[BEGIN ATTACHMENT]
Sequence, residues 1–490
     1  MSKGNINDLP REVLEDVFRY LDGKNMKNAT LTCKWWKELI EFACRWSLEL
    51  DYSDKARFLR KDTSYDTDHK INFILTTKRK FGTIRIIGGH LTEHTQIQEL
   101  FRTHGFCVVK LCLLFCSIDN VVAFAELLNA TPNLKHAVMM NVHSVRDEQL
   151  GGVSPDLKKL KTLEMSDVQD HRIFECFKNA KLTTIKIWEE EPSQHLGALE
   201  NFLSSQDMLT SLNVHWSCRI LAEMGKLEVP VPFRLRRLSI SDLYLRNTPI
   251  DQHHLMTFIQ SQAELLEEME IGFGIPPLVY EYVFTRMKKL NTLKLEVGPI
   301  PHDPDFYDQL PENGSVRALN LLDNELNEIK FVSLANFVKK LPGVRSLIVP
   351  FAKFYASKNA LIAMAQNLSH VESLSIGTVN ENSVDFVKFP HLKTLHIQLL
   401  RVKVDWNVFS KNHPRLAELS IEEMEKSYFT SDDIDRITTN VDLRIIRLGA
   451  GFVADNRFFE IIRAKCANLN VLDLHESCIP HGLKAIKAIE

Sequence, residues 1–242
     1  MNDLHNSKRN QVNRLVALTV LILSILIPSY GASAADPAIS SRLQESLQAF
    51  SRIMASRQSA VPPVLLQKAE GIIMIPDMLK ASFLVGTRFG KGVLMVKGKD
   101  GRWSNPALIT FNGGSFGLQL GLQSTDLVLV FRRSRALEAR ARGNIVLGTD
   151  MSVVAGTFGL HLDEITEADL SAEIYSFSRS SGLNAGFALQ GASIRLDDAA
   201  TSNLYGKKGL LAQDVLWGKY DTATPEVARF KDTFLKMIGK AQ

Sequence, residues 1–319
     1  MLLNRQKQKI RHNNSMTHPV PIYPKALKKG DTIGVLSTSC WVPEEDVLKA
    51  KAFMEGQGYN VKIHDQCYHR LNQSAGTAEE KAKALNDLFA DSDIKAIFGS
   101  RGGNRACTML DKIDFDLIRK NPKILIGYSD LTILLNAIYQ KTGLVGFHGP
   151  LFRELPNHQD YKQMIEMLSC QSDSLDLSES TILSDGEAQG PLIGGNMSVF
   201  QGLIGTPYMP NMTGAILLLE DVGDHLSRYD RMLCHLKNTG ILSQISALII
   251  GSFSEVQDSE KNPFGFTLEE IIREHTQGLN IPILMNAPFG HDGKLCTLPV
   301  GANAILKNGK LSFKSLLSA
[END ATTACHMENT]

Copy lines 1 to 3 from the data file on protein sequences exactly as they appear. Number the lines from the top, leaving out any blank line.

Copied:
Sequence, residues 1–490
     1  MSKGNINDLP REVLEDVFRY LDGKNMKNAT LTCKWWKELI EFACRWSLEL
    51  DYSDKARFLR KDTSYDTDHK INFILTTKRK FGTIRIIGGH LTEHTQIQEL